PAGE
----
There's more to treating disease than just finding a target and hitting it, said Oklahoma Medical Research Foundation scientist Joan Merrill, M.D.
In a paper published in the most recent issue of the journal Clinical Immunology, Merrill said new molecular targets in the fight against lupus are exciting. The new treatments are incredibly sophisticated, aimed at bringing tiny proteins in the immune system into balance. But how these treatments work in individual patients is not so simple.
Patients with lupus share certain features in the way their immune systems are disrupted, but they differ in the details of how this comes about, she said.
Lupus is a chronic autoimmune disease caused when the wrong environmental factor encounters a person with a high-risk genetic profile. This causes the immune system to become relentlessly overactive, and the normal checks and balances break down. Eventually there is a great deal of collateral damage, almost as if the immune system has begun mistaking the body's own cells for bacteria or viruses and is attacking them.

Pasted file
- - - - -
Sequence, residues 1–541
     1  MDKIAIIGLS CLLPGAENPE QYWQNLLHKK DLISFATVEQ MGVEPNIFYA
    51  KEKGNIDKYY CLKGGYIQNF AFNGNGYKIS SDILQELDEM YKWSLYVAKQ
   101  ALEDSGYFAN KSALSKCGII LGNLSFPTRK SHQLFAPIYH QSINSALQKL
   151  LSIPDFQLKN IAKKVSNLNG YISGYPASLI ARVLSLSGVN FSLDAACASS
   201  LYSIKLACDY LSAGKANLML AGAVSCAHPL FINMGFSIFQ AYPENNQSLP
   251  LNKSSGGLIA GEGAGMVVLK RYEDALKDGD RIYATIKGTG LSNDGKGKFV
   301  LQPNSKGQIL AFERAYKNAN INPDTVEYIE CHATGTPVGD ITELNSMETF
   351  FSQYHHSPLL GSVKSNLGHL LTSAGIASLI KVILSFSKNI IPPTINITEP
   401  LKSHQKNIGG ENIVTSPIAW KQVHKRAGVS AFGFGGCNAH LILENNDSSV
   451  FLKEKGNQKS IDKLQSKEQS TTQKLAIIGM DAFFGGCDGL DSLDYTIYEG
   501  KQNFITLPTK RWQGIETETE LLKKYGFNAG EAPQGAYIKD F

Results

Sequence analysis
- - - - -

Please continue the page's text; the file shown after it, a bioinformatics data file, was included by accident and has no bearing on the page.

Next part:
Symptoms include fatigue, fever, rashes and joint pain. Lupus affects about 1.5 million Americans, mostly women, and has no known cure. However, more than 30 treatments have entered development recently. Their goal is to finely target various nuanced protein interactions that regulate the immune system.
“The most frustrating thing in trying to get these treatments to work, but also the most fascinating thing when you think about how the body defends itself from invaders, is that the immune system goes around in circles,” said Merrill, who heads OMRF's Clinical Pharmacology Research Program. “We have to be careful, because making one tiny change with some of these futuristic drugs might swing back around and cause a bigger problem elsewhere.”
Merrill said it's best to think of tiny protein disease “targets” as dominos — biological molecules that connect to one or more components of the immune system. Depending on the patient's genetic code, those dominos are balanced in unique ways and may react to medications with an unexpected boomerang effect.